(CN) – Millions of years ago during the Middle Jurassic Period, the Isle of Skye in Scotland was home to a large community of dinosaurs that traversed along the ancient coastline, according to a study published Wednesday in the journal PLOS One.
The second epoch of the Jurassic period lasting from about 174.1 to 163.5 million years ago, the Middle Jurassic was a time period of major evolutionary diversification with marine life flourishing and new types of dinosaurs evolving on land. Despite this spike in terrestrial life, finding dinosaur fossils from this time period is a generally rare occurrence.
However, Scotland’s Isle of Skye is a fortunate exception, yielding both body and trace fossils of diverse Middle Jurassic ecosystems. It is the largest island in the Inner Hebrides archipelago and serves as an invaluable location for paleontological science as well as tourism.
University of Edinburgh scientist and study co-author Stephen Brusatte conducted a similar study with colleagues in 2015 and discovered two types of dinosaur footprints were discovered on the island. “The more we look on the Isle of Skye, the more dinosaur footprints we find. This new site records two different types of dinosaurs – long-necked cousins of Brontosaurus and sharp-toothed cousins of Tyrannosaurus rex – hanging around a shallow lagoon, back when Scotland was much warmer and dinosaurs were beginning their march to global dominance,” Brusatte said in the 2015 study.
In their current research, Brusatte, co-author Paige dePolo and their colleagues describe two recently discovered fossil sites with around 50 preserved dinosaur footprints on ancient coastal mudflats, a discovery similar to one in 2008 – also in coastal mudflats – on the Arabian Peninsula in Yemen.
The footprints detailed by Brusatte and dePolo include the first record on the Isle of Skye of a type called deltapodus, which was most likely created by a stegosaurian dinosaur. These exceptional impressions are the oldest deltapodus tracks known today, as well as the first solid evidence that stegosaurian dinosaurs were part of the island’s Middle Jurassic fauna.
Stegosaurian dinosaurs were herbivores that lived in the Jurassic and early Cretaceous periods, characterized by their back plates or spikes and small heads with beak-shaped mouths, and they walked on all fours. This group of herbivores were also ornithischian, meaning they had a pelvic structure like that of birds. Once thought to have flourished toward the end of the Jurassic period, new evidence indicates they were present in the Middle Jurassic Period as well.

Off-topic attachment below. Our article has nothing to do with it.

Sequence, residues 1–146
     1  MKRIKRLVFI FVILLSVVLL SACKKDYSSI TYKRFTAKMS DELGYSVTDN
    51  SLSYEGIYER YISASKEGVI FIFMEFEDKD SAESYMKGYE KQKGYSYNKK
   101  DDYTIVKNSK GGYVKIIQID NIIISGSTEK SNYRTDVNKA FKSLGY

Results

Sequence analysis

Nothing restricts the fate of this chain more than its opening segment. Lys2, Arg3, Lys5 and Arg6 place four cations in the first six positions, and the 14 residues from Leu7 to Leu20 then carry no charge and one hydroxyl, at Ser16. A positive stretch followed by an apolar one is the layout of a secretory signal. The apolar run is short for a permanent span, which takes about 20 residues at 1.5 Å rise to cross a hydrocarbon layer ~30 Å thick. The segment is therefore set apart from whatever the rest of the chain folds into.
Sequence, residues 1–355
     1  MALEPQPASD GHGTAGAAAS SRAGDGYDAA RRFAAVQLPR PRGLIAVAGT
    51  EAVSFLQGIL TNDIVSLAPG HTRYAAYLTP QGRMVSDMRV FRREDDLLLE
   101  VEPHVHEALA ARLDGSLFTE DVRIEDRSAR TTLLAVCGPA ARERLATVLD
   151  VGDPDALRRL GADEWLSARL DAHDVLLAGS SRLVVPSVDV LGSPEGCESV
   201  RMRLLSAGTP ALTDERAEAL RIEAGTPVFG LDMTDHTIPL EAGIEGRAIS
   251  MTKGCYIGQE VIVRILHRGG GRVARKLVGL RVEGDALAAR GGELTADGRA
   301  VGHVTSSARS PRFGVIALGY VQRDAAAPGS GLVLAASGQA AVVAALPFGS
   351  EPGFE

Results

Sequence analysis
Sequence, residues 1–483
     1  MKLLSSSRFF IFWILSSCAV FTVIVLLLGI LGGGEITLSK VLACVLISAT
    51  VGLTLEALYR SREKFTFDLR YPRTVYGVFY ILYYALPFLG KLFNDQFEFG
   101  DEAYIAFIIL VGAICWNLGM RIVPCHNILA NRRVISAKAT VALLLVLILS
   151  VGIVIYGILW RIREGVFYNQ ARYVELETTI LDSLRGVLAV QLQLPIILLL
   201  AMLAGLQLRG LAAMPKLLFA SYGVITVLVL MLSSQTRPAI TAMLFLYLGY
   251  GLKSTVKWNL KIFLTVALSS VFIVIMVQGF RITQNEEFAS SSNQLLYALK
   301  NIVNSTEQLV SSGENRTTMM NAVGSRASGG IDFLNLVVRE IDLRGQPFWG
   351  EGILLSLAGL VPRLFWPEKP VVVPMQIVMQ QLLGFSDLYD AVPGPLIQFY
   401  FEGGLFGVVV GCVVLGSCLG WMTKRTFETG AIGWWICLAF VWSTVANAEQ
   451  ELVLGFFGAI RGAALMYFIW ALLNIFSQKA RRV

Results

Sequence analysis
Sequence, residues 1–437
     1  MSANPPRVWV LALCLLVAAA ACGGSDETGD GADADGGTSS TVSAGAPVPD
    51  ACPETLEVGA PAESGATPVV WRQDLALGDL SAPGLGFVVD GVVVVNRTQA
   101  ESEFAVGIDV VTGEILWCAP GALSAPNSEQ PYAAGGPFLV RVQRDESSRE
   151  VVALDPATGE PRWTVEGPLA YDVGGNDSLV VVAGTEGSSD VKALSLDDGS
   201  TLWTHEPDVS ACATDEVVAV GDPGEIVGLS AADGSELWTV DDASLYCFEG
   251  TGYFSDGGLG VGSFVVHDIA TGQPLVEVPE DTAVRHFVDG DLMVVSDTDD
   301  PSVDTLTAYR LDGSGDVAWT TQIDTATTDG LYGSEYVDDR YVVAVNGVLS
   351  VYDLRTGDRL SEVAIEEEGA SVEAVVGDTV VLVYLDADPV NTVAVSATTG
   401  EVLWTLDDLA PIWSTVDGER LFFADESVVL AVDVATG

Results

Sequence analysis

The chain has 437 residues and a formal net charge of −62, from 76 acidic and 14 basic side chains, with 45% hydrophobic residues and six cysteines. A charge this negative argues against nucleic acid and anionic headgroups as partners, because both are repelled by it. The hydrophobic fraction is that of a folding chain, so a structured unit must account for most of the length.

Additionally, three-toed footprints such as the ones discovered in the Isle of Skye mudflats represent multiple sizes of early carnivorous theropods and belong to a series of other large tracks tentatively identified as some of the oldest evidence of large-bodied herbivorous ornithopod dinosaurs. The prints discovered from Brusatte’s previous study are similar in this way, as they were stomped into the ground by a long-necked sauropod and a sharp-toothed theropod, a cousin of the Tyrannosaurus rex.
When all tracks are considered, these two sites contribute to expanding the known diversity of what was apparently a thriving ecosystem of Middle Jurassic dinosaurs in Scotland, including at least one type of stegosaur not previously known from the region. The results of this study emphasize the importance of footprints as a vital source of information supplemental to body fossils.
Furthermore, the authors note the importance of going back and revisiting previously explored dig sites. These new sites where the prints were discovered were found in an area that has long been popular for fossil prospecting, but the tracks were only recently revealed by storm activity.
“These new track sites help us get a better sense of the variety of dinosaurs that lived near the coast of Skye during the Middle Jurassic than what we can glean from the island’s body fossil record. In particular, deltapodus tracks give good evidence that stegosaurs lived on Skye at this time,” dePolo said.
Brusatte said, “These new track sites give us a much clearer picture of the dinosaurs that lived in Scotland 170 million years ago. We knew there were giant long-necked sauropods and jeep-sized carnivores, but we can now add plate-backed stegosaurs to that roster, and maybe even primitive cousins of the duck-billed dinosaurs too. These discoveries are making Skye one of the best places in the world for understanding dinosaur evolution in the Middle Jurassic.”